Cellular components


Differentially expressed genes


Gene expression omnibus


Gene ontology


Kyoto encyclopedia of genes and genomes


Least absolute shrinkage and selection operator


Molecular functions


Polymerase chain reaction


Support vector machine recursive feature elimination


The cancer genome atlas


Weighted gene co-expression network analysis


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We want to thank the patients and the physicians from the department of hematology, The First Affiliated Hospital of Soochow University.


This work was supported by the National Natural Science Foundation of China (81873432 and 82070143), grants from the Jiangsu Province of China (BE2021645), and the Priority Academic Program Development of Jiangsu Higher Education Institutions (PAPD).

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Authors and Affiliations



XL and JQ designed and performed research studies and wrote the manuscript. XS and HW contributed to the study design and data analysis. XX and T pan analyzed the data. JY contributed to the collection and analysis of clinical data. YH contributed to the research design and manuscript revision and supervised the research. All authors read and approved the final manuscript.

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Correspondence to Yue Han.

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This research involving human samples was performed in accordance with the ethical standards of the institutional and national research committee and the 1964 Helsinki Declaration. This study was approved by the Research Ethical Review Committee of the First Affiliated Hospital of Soochow University.

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Supplementary Information

Additional file 1: Figure S1.

Correlation between gene significance and related module membership. A. The correlation between gene significance and module membership in the gray module. B. The correlation between gene significance and module membership in the blue module. *p < 0.05, **p < 0.01, ***p < 0.001.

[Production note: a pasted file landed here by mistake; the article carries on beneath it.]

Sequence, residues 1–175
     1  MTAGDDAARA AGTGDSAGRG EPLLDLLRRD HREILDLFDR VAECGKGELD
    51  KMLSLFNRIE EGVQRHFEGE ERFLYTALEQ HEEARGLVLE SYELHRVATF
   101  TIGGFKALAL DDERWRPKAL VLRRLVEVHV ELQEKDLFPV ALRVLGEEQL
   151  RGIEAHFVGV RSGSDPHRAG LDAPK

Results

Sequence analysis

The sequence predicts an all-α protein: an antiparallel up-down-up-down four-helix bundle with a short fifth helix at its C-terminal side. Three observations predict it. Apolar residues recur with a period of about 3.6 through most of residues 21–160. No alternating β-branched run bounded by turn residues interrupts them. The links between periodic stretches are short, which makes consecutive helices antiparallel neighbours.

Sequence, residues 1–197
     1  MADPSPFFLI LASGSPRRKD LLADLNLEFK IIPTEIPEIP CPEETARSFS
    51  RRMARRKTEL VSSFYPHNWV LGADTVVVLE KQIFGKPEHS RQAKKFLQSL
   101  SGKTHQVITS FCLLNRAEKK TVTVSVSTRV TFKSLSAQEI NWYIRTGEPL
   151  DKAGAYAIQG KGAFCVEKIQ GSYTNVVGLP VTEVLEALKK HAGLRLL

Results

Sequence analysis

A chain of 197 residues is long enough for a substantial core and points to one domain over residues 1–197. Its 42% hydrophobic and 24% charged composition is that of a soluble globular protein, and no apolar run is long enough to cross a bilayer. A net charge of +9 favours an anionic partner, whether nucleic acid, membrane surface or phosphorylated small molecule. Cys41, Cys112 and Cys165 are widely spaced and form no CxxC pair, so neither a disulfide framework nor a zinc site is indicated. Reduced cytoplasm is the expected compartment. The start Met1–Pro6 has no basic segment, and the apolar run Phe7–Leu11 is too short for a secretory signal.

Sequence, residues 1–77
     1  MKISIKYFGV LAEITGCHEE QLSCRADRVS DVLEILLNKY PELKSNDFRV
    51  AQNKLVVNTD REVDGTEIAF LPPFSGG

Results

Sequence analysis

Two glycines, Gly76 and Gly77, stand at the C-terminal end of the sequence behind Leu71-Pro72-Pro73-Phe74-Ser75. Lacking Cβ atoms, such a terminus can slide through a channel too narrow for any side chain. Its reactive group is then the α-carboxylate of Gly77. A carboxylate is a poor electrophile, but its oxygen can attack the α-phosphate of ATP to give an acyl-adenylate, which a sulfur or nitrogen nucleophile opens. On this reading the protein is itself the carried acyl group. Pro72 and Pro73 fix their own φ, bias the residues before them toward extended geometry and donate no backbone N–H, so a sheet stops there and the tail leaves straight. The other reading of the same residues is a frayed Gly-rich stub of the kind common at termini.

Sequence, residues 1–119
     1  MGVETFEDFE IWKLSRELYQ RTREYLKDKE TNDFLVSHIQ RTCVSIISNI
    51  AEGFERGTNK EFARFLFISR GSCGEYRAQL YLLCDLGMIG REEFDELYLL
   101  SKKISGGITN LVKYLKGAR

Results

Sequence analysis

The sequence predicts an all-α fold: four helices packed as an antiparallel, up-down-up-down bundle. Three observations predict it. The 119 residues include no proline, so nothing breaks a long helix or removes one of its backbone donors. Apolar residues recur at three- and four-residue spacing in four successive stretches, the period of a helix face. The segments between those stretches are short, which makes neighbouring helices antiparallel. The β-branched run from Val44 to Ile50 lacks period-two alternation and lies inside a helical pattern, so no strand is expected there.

Additional file 2: Figure S2.

A Venn diagram shows the overlap of 22 optimal hub genes between GEO differential genes and WGCNA grey gene set.

Additional file 3: Figure S3.

Identification of candidate hub genes to predict prognosis for AML patients. A. Partial likelihood deviance for different numbers of variables revealed by the LASSO regression model. Red dots represent the partial likelihood deviance values. Gray lines represent the partial likelihood deviance ± standard error. B. Fourteen candidate genes with minimum lambda values were obtained by LASSO regression with tenfold cross-validation. C. Candidate genes were filtrated from SVM-RFE algorithms. D. Five optimal hub genes overlapped between LASSO and SVM-RFE algorithm were shown by Venn diagram. Abbreviations: LASSO, least absolute shrinkage and selection operator; SVM-RFE, support vector machine recursive feature elimination.

Additional file 4: Figure S4.

The expression levels of DLC1, NFIB, DENND5B, TANC2, and ELAVL4 in AML patients with different survival status. Scatter plots of the five gene’s expression level in AML patients with different survival status based on GEO dataset. *p < 0.05, **p < 0.01, ***p < 0.001. Abbreviations: GEO, Gene Expression Omnibus.

Additional file 5: Figure S5.

Kaplan-Meier survival curve according to the DLC1 expression level for 48 AML patients in our center. Kaplan-Meier plots was used to visualize the overall survival probability of 48 patients based on the expression of DLC1 at diagnosis in our center.

Additional file 6:

Table S1. Clinical characteristics of 48 AML patients. Table S2. Basic information for the included GEO databases.

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Li, X., Qi, J., Song, X. et al. DLC1 deficiency at diagnosis predicts poor prognosis in acute myeloid leukemia. Exp Hematol Oncol 11, 74 (2022).